College Graduates Report Feeling Threatened by AI

Roughly half of college graduates feel threatened by artificial intelligence and question their workforce readiness, according to a new survey by the Cengage Group.
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Bennett Leckrone is a news writer for BestColleges. Before joining BestColleges, Leckrone reported on state politics with the nonprofit news outlet Maryland Matters as a Report for America fellow. He previously interned for The Chronicle of Higher Ed...
Published on July 27, 2023
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  • Graduates of both degree and non-degree programs reported anxiety around AI and their workforce preparedness in a new Cengage survey.
  • Roughly 46% of graduates said they felt threatened by AI, and 52% said competition from AI made them question their preparedness for the workforce.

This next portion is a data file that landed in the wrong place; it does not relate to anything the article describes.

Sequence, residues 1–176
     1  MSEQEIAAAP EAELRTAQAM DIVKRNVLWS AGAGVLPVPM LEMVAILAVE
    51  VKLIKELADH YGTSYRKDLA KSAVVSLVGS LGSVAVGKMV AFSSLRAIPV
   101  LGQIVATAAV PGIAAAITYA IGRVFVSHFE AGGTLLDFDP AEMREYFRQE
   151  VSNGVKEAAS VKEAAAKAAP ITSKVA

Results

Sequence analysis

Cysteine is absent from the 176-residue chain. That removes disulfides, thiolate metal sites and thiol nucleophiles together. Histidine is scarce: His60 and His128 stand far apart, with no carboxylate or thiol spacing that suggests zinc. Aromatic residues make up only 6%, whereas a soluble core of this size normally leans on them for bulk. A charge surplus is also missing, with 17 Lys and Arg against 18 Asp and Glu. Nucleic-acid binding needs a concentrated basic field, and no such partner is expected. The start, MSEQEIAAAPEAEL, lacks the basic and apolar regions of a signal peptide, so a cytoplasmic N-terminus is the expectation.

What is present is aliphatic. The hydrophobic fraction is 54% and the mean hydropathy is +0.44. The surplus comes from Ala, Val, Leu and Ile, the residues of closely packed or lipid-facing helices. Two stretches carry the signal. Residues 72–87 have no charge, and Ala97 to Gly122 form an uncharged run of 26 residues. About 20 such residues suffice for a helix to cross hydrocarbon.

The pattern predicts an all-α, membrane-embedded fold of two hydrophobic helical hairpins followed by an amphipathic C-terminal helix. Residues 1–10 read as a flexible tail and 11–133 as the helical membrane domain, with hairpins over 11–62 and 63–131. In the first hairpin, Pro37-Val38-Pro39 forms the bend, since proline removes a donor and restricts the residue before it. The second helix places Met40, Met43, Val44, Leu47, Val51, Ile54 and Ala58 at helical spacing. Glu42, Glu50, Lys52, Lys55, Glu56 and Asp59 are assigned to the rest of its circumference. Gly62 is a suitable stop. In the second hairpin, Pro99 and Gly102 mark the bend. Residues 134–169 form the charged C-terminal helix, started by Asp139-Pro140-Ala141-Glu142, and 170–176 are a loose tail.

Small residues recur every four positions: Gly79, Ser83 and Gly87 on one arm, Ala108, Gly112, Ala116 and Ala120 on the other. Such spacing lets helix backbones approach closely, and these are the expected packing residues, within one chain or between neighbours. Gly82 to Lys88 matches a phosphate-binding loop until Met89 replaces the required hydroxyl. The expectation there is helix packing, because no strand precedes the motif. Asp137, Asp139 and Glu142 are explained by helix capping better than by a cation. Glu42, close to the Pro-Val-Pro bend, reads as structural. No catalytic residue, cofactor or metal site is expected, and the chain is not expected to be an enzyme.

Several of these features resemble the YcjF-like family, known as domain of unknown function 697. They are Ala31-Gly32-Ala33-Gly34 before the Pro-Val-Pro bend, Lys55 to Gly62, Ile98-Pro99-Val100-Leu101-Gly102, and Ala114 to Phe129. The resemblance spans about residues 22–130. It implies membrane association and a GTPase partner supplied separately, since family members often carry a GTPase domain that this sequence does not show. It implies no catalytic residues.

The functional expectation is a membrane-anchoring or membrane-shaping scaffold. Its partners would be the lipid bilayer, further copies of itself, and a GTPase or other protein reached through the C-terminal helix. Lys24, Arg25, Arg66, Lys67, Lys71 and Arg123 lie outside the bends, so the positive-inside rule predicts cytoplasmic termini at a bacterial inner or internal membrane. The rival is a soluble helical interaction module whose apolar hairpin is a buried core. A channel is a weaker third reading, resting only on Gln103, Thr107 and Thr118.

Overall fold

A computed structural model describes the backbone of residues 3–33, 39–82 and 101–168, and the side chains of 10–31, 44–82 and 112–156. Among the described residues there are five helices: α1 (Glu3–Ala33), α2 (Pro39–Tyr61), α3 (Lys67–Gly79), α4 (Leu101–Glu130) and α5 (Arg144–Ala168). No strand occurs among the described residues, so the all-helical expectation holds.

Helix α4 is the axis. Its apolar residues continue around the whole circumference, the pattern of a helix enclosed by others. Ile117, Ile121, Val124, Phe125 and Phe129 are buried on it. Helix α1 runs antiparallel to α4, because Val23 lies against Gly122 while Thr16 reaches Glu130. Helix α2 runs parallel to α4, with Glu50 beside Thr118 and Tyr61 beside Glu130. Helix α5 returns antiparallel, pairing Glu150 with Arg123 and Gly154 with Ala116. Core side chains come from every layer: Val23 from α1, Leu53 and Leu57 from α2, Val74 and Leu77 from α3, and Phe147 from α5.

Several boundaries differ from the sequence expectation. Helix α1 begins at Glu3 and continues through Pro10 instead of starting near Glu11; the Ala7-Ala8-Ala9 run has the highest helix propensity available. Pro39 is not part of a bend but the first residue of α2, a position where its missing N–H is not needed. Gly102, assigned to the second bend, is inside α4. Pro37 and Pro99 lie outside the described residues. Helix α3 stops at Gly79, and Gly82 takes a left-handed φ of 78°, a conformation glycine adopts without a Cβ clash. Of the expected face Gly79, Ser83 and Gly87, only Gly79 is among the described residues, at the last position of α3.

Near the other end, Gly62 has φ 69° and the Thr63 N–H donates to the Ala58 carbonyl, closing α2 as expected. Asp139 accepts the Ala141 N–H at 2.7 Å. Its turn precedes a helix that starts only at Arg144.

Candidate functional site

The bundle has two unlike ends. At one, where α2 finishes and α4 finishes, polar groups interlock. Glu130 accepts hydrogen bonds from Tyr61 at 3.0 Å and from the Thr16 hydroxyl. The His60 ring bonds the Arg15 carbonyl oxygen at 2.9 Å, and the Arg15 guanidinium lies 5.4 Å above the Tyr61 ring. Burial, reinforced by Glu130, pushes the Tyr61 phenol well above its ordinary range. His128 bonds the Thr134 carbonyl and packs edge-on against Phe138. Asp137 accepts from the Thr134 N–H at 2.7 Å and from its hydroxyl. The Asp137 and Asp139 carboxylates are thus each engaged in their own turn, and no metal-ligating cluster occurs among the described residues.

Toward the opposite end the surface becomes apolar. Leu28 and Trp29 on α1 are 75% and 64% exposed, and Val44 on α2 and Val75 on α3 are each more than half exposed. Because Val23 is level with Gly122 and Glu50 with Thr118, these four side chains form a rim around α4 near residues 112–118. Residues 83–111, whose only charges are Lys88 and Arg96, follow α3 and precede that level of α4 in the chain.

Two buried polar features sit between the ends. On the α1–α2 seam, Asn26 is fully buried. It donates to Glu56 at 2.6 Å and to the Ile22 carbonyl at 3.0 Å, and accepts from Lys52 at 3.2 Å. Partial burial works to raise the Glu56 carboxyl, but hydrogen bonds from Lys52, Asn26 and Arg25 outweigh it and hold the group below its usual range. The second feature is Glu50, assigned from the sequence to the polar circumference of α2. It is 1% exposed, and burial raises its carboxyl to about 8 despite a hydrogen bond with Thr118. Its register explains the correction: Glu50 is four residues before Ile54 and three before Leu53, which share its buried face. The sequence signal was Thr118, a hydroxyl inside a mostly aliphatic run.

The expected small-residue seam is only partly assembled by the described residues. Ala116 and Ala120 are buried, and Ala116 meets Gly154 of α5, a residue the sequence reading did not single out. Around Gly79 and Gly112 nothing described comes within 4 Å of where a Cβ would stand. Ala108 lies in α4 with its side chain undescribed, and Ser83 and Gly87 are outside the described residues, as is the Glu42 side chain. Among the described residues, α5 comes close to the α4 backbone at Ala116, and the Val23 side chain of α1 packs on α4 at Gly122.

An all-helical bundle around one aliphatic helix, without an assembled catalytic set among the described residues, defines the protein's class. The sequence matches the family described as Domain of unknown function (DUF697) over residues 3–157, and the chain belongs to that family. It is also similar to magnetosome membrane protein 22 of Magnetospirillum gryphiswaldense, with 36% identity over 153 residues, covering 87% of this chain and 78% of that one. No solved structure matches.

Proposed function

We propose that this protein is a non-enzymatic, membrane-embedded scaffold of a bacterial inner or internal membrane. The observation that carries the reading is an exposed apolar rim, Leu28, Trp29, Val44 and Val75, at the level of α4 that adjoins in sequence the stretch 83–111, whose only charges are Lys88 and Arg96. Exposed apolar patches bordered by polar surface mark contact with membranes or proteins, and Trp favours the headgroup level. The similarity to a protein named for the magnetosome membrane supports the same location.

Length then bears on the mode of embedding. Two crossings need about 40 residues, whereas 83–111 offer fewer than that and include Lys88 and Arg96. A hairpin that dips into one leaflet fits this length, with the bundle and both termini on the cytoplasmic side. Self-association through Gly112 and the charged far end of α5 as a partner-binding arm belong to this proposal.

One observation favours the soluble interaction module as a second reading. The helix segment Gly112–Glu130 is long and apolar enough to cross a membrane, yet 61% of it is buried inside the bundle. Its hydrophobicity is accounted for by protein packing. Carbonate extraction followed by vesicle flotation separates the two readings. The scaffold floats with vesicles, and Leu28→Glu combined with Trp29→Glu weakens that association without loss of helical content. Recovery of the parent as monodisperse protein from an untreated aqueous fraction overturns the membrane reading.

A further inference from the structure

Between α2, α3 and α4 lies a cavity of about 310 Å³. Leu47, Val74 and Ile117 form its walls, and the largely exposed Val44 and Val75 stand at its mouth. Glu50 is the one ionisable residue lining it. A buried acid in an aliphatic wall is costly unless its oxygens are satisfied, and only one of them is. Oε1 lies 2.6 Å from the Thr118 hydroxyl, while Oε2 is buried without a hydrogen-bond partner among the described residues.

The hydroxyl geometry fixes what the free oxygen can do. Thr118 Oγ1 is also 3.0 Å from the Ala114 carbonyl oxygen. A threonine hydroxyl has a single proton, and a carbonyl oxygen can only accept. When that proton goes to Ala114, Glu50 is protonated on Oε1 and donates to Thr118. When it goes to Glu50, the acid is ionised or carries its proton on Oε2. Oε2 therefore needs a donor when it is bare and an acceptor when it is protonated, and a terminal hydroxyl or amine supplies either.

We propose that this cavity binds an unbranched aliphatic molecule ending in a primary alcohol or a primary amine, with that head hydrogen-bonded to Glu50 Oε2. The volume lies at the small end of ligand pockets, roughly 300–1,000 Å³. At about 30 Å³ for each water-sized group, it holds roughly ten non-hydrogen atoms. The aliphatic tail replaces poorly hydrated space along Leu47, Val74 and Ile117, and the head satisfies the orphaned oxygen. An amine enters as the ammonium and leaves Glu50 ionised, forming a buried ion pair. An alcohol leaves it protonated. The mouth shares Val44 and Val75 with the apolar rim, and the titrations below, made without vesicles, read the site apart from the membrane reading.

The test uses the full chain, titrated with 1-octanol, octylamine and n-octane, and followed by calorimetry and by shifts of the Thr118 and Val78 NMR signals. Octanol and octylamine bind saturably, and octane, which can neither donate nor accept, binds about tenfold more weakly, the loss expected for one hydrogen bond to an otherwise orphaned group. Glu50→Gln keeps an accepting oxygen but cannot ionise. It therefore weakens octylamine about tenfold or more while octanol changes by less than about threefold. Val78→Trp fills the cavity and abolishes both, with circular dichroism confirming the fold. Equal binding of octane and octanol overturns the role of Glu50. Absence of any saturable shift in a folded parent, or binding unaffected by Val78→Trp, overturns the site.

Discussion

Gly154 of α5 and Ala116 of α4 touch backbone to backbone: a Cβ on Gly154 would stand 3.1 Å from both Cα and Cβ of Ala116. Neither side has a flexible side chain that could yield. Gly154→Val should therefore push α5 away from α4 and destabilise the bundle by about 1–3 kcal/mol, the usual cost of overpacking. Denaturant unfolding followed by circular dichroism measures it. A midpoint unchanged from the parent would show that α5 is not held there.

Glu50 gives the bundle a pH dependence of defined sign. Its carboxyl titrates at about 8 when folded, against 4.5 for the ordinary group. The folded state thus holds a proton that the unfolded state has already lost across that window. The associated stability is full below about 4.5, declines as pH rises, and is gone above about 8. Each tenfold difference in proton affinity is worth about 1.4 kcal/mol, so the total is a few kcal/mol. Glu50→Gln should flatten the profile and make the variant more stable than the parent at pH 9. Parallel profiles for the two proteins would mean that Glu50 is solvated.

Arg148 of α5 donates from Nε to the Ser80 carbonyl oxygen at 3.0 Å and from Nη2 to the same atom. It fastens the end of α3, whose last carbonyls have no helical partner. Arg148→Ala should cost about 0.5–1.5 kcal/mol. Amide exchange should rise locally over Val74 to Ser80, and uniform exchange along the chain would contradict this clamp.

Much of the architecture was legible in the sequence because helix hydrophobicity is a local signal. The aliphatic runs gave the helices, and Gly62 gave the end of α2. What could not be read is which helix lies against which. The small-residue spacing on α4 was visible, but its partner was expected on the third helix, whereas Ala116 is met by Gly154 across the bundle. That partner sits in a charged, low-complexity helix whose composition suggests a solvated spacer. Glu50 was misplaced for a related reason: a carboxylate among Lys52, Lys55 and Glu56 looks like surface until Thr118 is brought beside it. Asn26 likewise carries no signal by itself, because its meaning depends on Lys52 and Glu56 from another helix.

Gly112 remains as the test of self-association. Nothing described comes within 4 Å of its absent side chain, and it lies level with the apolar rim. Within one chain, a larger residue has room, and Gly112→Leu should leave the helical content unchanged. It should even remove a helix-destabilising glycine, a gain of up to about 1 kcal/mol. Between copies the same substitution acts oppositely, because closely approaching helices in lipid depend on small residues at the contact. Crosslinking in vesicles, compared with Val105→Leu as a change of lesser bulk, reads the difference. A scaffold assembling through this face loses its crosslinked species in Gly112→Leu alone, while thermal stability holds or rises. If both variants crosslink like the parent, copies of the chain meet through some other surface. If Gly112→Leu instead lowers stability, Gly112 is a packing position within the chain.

• That anxiety might fuel a "reskilling boom," the report notes, particularly as employers report relaxing degree requirements for entry-level positions.
  • Graduates also reported feeling more confident about applying to entry-level positions.

Artificial intelligence (AI) is spelling uncertainty for recent graduates, who said in a survey that they worry the rapidly advancing technology is threatening their workforce preparedness.

The Cengage Group's 2023 Employability Report, which surveyed 1,000 recent graduates who finished a degree or non-degree program in the past month, showed anxiety around AI among people heading into the workforce. Roughly 46% of graduates said they felt threatened by AI, and 52% said competition from AI made them question their preparedness for the workforce.